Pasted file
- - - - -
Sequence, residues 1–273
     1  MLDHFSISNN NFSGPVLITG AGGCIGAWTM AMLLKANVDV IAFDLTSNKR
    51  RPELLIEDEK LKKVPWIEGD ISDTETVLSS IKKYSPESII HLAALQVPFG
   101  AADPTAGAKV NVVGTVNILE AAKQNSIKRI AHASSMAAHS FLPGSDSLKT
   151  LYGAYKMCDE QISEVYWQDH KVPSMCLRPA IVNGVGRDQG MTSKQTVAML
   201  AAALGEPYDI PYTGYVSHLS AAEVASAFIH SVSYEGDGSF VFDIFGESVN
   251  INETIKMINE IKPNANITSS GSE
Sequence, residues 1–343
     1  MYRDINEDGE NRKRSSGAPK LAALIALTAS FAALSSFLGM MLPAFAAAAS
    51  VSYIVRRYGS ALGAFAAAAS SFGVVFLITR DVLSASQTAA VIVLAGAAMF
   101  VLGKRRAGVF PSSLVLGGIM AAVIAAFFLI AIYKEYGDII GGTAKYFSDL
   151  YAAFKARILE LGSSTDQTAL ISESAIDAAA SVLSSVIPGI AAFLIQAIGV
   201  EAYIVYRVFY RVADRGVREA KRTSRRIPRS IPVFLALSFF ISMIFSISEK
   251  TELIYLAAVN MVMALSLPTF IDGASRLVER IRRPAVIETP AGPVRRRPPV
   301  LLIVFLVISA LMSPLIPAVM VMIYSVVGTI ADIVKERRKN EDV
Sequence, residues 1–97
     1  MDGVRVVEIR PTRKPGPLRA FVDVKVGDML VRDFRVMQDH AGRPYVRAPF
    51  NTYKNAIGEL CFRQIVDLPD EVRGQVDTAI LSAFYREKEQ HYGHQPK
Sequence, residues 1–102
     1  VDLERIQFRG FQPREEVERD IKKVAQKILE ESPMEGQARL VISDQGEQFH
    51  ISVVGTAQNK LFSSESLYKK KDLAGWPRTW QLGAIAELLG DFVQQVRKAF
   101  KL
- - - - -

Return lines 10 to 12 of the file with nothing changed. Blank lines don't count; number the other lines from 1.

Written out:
    51  VSYIVRRYGS ALGAFAAAAS SFGVVFLITR DVLSASQTAA VIVLAGAAMF
   101  VLGKRRAGVF PSSLVLGGIM AAVIAAFFLI AIYKEYGDII GGTAKYFSDL
   151  YAAFKARILE LGSSTDQTAL ISESAIDAAA SVLSSVIPGI AAFLIQAIGV